The IPCC report says we have twelve years to reduce our global emissions by 45 per cent. Just 100 companies have been the source of more than 70 per cent of global greenhouse gas emissions since 1988. This includes the usual suspects: ExxonMobil, Shell, BP and Chevron. As the clock ticks and the crisis looms, we are left to wait and hope that the people who may hold our fate as a species in their hands are moved to put our continued survival over their profit margins. The looming climate crisis will not be discriminatory in its brutal effects. It would be as hard felt in Saskatchewan as it would be in Sydney, Australia, regardless of what our contribution to the disaster was. This is why it requires an immediate global effort. It is easy to feel overwhelmed and helpless, and it is true that there is little that we, individually, can do to avert the danger. Switching to vegan diets or banning the use of straws is much too insignificant to make any perceivable difference; the action must be industrial.
There is a problem with the messaging around this crisis. Too often, people portray the need for action so that we can ‘Save The Earth.’ The Earth has existed for billions of years and more than 90 per cent of all the life forms that existed have since become extinct. Humans, being just 0.01 per cent of the living species, have contributed to the demise of 83 per cent of wild animals and a significant percentage of plant existence. If we continue on our destructive path, we are destined to meet the same fate; and after our departure, the Earth would be fine and our existence would simply be a brief but destructive moment in time in the grand scheme of things.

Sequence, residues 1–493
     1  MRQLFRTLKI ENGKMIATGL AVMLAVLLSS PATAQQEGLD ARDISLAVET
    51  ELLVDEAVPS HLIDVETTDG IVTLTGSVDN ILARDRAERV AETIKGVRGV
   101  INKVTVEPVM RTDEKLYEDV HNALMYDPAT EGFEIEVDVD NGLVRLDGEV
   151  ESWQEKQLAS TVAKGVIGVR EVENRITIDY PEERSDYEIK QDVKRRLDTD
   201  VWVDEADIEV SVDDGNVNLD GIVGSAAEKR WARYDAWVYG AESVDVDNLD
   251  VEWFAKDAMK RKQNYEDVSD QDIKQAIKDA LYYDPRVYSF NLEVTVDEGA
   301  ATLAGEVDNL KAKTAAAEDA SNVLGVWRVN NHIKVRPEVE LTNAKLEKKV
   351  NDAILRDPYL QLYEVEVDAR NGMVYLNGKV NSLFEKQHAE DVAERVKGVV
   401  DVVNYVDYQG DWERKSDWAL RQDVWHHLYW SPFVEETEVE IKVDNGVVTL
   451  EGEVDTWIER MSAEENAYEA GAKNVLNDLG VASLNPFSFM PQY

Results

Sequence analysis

This should all make you feel outraged. And, if you are outraged, allow me to suggest a productive investment for that anger. Vote! This is the most drastic action you, as an individual, can take to combat this crisis. Many of our current leaders treat this issue with indifference. Perhaps it is because they anticipate that they would be long gone before the chickens come home to roost. Vote out people who are beholden to the interests of fossil-fuel and energy companies, and fill positions of power with people who will treat this issue like the disaster that it is. The line between a disaster and a tragedy is thin. They both cause unimaginable pain, except disasters are sudden, unavoidable catastrophes, whereas tragedies involve sufferings that may have been avoidable. It will be truly tragic if we do nothing. We cannot, and should not, condone inaction any longer. Our future is on the line.
The federal election is a year away, but you can start the voting culture this Wednesday. The stakes are not as high in the URSU elections, but people who vote in elections of seemingly little consequence are more likely to vote for the more consequential elections. So, on Wednesday and moving forward, vote like your life depends on it, because one day, it just might.